Application Notes

1. Warm Up and Stretch!

Warm up before your workout to prevent injury and practice the movements. Warm-ups are important for anyone and even more crucial for older adults. If you’re a newcomer to the gym but a veteran in another sport, you’ll already understand the value of a good warm-up.

The warm-ups included in this workout program are composed of very light sets of the movements you’ll be doing during the workout, an application of the SAID Principle (Specific Adaptation to Imposed Demands).

You should also get in the habit of stretching the target muscles before actually targeting them. This program will target basically every single muscle you have in your body, so getting those muscle loose is crucial.

There’s nothing worse than getting started on a heavy set of bench press and pulling a pectoral muscle, which could have easily been prevented with some simple chest stretches.

2. Apply Progressive Overload

Progressive overload is the first of the three ways you’ll track your progress (the others being the mirror and how your clothes fit).

Progressive overload is simple. Once you’re able to do the specified number of reps with the weight you’ve selected for an exercise, you increase either the load or the number of reps.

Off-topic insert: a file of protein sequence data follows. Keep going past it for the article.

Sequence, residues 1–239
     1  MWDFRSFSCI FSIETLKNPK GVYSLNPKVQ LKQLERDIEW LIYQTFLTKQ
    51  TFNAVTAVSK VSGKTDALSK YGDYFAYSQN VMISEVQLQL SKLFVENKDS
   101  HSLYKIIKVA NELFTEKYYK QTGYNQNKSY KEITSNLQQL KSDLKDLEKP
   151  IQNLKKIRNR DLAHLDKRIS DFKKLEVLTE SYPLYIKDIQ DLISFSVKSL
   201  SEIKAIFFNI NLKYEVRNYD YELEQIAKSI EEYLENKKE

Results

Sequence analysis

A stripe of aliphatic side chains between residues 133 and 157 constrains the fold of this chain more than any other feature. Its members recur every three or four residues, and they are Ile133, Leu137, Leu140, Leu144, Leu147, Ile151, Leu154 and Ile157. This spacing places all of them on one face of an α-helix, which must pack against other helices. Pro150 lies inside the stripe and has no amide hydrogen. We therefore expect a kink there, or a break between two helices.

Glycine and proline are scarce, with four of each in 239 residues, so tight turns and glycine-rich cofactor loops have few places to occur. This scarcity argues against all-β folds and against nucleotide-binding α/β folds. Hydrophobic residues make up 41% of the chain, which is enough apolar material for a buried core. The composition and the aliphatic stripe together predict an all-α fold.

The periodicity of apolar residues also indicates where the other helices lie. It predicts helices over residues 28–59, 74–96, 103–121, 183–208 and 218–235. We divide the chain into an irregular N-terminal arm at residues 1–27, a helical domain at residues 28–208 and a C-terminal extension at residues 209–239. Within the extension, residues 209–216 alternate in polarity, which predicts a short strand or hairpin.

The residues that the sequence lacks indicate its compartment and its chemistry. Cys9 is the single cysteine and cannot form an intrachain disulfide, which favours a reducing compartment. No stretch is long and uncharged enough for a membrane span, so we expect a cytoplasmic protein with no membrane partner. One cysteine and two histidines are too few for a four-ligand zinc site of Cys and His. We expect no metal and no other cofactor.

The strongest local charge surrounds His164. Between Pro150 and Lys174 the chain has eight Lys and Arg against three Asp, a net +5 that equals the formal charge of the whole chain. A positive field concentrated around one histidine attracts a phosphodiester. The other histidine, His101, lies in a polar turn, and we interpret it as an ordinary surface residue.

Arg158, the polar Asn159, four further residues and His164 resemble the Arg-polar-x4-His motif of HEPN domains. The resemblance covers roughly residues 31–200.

In this program, you’ll increase the weight. Rep ranges should remain as-specified.

Here’s an example using a cable machine set at 15kg:

The program says to do 10 to 12 reps. Week 1, you’re able to do 10 good reps using 15kg. By Week 3, you’re able to do 13 reps with good form and could probably do the 14th. Raise the weight so that you’re back to only being able to do 10 reps with good form.

Progressive overload is a well-established method for building muscle and strength, supported by reams of clinical data.

3. Control Level of Intensity

Your muscles will benefit most from the most challenging reps, when your brain is recruiting more muscle fibers for the task at hand i.e., lifting the weight.

Clinical evidence supports that the most-challenging reps – as gauged by the loss of velocity (distance/speed) – are the ones that produce the greatest muscular fatigue.

So, if you connect the dots and agree that muscular fatigue leads to muscular adaptations (meaning strength and size), you can reasonably conclude, as Mike Mentzer did years ago, that intensity does indeed result in density.

Now, it’s important to distinguish between intentionally slow reps (as proposed by some) where the weight is lifted at a predetermined speed. Some call that “tempo training”.

Tempo training is not what we mean when we mention reduced velocity. In our application, reduced velocity is the result of the muscles being unable to push a weight any faster. You can push like crazy and the weight won’t move fast.

A 2021 study examined assumptions on how many reps a set should have depending on its objectives. In other words, it challenged the notion that low-rep high-load sets led to strength, and low-load high-rep sets produce endurance.

In fact it found that muscular adaptations are possible with a wide range of rep continuums.